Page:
The Cannon family runs the High Chaparral Ranch in the Arizona Territory in 1870s. Big John wants to establish his cattle empire despite Indian hostility. He's aided by brother Buck and son... See full summary »
The Shiloh Ranch in Wyoming Territory of the 1890s is owned in sequence by Judge Garth, the Grainger brothers, and Colonel MacKenzie. It is the setting for a variety of stories, many more ... See full summary »
Stories of the journeys of a wagon train as it leaves post-Civil War Missouri on its way to California through the plains, deserts, and Rocky Mountains. The first treks were led by gruff, ... See full summary »
Bret and Bart Maverick (and in later seasons, their English cousin, Beau) are well dressed gamblers who migrate from town to town always looking for a good game. Poker (five-card draw) is ... See full summary »
Mingo (Ed Ames) was Oxford educated. His father was English, and his mother was Cherokee. See more »
This series gave rise to the urban legend that Daniel Boone and Davy Crockett were one and the same person. In fact, the producers had intended the show to be about Crockett, but Walt Disney would not sell them the rights, so they used the name Daniel Boone instead. See more »
The 165 one-hour episodes (45 in B&W, 120 in color) of the frontier western "Daniel Boone" originally aired on NBC from 1964-1970. This was an extremely popular baby boomer show that may seem a little odd today due to an uncharacteristic emphasis on racial/ethnic diversity (insert Ed Ames as Mingo and NFL lineman Rosey Grier as Gabe Cooper). But the times were a-changing as the country tried to turn itself into LBJ's "Great Society" and network executives smelled an opportunity to cash in on the baby boomer's budding social awareness.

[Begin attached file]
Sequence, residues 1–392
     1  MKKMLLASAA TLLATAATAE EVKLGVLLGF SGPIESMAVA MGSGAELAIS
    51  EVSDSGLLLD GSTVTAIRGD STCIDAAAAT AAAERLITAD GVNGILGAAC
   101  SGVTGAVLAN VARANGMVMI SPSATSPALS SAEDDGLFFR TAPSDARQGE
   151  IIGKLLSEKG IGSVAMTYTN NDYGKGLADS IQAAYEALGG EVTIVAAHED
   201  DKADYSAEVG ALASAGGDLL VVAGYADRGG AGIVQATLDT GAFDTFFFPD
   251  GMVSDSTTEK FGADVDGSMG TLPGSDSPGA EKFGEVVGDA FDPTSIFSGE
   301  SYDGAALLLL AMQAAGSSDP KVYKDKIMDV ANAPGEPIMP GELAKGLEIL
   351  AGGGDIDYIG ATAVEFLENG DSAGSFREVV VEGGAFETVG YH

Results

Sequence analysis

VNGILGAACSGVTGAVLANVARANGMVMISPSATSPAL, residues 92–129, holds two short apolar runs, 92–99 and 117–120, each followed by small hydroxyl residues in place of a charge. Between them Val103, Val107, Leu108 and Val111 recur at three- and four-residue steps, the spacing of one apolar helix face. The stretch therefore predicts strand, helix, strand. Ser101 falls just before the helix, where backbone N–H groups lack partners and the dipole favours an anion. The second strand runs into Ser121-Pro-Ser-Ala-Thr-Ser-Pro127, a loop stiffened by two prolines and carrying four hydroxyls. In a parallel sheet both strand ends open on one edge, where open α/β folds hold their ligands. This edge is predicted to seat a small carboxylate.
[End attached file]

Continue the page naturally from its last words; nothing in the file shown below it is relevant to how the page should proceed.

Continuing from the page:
The series moved between a domestic focus on Boone's family (Patricia Blair as wife Rebecca, Veronica Cartwright as daughter Jemima, and Darby Hinton as his son Israel) to "one-with-the-wilderness"/"the British are evil" themes. The series focused on Boone after he had moved to Kentucky.
Daniel was played by Fess Parker who already had an established coonskin cap franchise from his mid-1950's Disney TV portrayal of Davy Crockett. Boone is played as an even tempered peaceful man who likes to chum around in the woods with Oxford educated Indians and runaway black slaves (see above), your basic 1770's flower child. Other than his confrontations with "the man" (represented by those nasty Redcoats) there is very little messy violence and lots of "Little House on the Prairie" moments.
Cartwright, the most talented of the ensemble, is frustratingly underutilized. Particularly given that the most celebrated event in the real Daniel Boone's life was the rescue of his daughter and her two friends from Indian kidnappers.
Cartwright bailed out after season two, Ames after season four, and Blair after season five. Budding sausage king Jimmy Dean was added as Josh Clements, a character in the tradition Chester and Festus from "Gunsmoke".
Then again, what do I know? I'm only a child.
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